US Defense Department documents show that NATO has quietly added the United Kingdom to the list of nuclear weapons storage locations that are being upgraded.
The documents do not identify the specific facility, but it is believed to be the US Air Base at RAF Lakenheath in southeast England approximately 100 kilometers northeast of London.
Previous budget documents listed “special weapons” storage sites in Belgium, Germany, Italy, the Netherlands, and Turkey as receiving upgrades under a 13-year NATO investment program. The Biden administration’s FY2023 defense budget request adds “the UK” to the list (see image below).
RAF Lakenheath was not on the list of “active sites” in the 2016 contract for the upgrade of the nuclear weapons storage site in Europe. The budget documents indicate the base has since been added to the list.
The US Air Force used to store nuclear gravity bombs at Lakenheath, which in the 1990s was equipped with 33 underground storage vaults. By the early 2000s, there were a total of 110 B61 gravity bombs in the vaults for delivery by F-15E aircraft of the 48th Fighter Wing.
In 2008, I disclosed that the nuclear weapons had been withdrawn from RAF Lakenheath, the first time since 1954 that the United States did not store nuclear weapons in the United Kingdom.
What’s Going On?
The addition of the United Kingdom to the list of nuclear storage locations being upgraded in Europe signals a change in the nuclear status of RAF Lakenheath. It is unclear if nuclear weapons have been returned to the base yet or NATO is upgrading the base to be capable of receiving nuclear weapons in the future if necessary.
After nuclear weapons were withdrawn nearly two decades ago, the empty storage vaults were kept in caretaker status. The F-15Es fighter-bombers retained their nuclear capability but at a lower operational level. In recent years there have been rumors about nuclear exercises at the base.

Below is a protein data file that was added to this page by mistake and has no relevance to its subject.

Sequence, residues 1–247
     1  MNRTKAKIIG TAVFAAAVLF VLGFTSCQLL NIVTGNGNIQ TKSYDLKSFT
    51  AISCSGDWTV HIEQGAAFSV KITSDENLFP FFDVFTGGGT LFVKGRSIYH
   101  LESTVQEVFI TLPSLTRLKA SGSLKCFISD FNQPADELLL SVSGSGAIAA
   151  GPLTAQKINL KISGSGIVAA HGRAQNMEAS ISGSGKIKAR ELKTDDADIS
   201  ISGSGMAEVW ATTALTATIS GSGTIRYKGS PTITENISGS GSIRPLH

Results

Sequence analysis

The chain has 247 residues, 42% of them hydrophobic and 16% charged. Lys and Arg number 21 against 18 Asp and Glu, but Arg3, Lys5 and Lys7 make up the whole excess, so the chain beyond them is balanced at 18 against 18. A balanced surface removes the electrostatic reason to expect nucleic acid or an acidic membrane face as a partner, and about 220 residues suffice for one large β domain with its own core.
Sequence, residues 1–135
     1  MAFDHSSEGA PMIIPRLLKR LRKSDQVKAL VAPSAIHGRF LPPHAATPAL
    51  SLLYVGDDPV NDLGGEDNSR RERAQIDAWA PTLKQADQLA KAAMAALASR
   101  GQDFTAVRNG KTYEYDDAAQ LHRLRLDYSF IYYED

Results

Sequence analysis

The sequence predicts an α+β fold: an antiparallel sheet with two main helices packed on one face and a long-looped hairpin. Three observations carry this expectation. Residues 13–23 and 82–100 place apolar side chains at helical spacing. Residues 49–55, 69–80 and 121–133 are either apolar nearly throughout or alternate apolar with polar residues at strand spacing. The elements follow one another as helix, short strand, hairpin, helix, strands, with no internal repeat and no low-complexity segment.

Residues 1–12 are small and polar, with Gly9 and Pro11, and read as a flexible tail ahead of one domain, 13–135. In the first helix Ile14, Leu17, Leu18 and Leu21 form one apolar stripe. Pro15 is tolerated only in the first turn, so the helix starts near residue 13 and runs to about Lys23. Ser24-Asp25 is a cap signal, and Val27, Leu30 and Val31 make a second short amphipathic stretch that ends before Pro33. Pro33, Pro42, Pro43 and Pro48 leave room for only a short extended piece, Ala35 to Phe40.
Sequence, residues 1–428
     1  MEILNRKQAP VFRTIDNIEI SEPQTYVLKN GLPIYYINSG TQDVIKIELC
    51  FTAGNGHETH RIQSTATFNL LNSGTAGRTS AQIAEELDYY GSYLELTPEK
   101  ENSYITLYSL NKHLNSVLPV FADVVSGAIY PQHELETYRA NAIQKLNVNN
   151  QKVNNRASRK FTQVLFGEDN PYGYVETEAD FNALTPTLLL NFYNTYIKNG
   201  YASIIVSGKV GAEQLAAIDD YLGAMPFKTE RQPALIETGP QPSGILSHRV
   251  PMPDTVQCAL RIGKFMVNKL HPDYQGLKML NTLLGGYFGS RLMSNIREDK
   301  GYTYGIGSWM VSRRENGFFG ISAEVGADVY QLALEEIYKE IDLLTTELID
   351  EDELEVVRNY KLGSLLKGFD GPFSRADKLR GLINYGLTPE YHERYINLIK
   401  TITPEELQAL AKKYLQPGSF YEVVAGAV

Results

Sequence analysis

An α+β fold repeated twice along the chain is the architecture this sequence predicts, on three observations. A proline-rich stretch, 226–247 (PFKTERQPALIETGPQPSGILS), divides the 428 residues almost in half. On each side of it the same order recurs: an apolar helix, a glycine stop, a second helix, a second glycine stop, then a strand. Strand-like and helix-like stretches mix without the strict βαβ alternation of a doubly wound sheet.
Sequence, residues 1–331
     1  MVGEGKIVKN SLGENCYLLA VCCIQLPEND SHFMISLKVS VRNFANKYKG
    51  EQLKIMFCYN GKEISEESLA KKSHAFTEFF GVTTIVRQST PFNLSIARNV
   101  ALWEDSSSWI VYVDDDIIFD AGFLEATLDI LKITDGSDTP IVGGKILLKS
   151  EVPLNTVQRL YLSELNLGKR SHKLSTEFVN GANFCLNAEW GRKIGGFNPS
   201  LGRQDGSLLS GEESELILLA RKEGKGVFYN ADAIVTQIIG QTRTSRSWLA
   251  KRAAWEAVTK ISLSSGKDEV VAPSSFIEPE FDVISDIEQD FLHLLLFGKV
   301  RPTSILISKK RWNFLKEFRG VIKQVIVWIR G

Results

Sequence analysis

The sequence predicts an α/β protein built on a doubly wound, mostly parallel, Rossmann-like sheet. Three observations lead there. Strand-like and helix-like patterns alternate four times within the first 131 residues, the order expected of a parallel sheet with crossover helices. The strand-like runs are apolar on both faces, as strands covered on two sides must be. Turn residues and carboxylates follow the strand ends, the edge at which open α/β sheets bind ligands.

The nuclear upgrade comes as RAF Lakenheath is preparing to become the first US Air Force base in Europe equipped with the nuclear-capable F-35A Lightning. The first of the fifth-generation fighter-bombers arrived in December 2021. A total of 24 F-35As will form the 495th Fighter Squadron of the 48th Fighter Wing at the base.
The US Air Force is scheduled to begin training the nuclear units in Europe within the next year to receive the new B61-12 guided nuclear bomb that will begin full-scale production next month. It is possible the first B61-12 bombs will be shipped to Europe in 2023, where they will replace the B61-3/-4 bombs currently deployed there.
Given NATO’s cautious nuclear response to Russia’s nuclear saber rattling at the start of its invasion of Ukraine, it would be odd if the nuclear upgrade at RAF Lakenheath reflected plans to deploy additional US nuclear bombs to Europe. FAS estimates there currently are roughly 100 nuclear bombs deployed at six air bases in five European countries.
NATO Secretary General Jens Stoltenberg declared in December 2021, that “we have no plans of stationing any nuclear weapons in any other countries than we already have these nuclear weapons as part of our deterrence and that… have been there for many, many years.” Unless NATO has changed its plans since, that seems to be a clear signal that there are currently no plans to deploy nuclear weapons to RAF Lakenheath for now (see map below).
Rather, the upgrade at RAF Lakenheath could potentially be intended to increase the flexibility of the existing nuclear deployment within Europe, without increasing the number of weapons. Adding RAF Lakenheath as an active site would potentially allow it to receive nuclear weapons from other existing locations in Europe, if that became necessary. Such a contingency could potentially involve receiving weapons withdrawn from Turkey. There are unconfirmed rumors that many of the weapons at Incirlik Air Base in Turkey have already been withdrawn and moved to other bases in Europe.
Readying RAF Lakenheath could potentially also be intended to better realign the overall nuclear posture in Europe with the rapidly deteriorating relations with Russia. This is a delicate issue because changes in NATO’s nuclear posture in Europe might trigger retaliatory changes in Russia’s nuclear posture, including potentially deployment of nuclear weapons to Belarus, which recently changed its constitution to allow for just that.
This publication was made possible by generous support from the John D. and Catherine T. MacArthur Foundation, the New Land Foundation, the Ploughshares Fund, and the Prospect Hill Foundation. The statements made and views expressed are solely the responsibility of the author.
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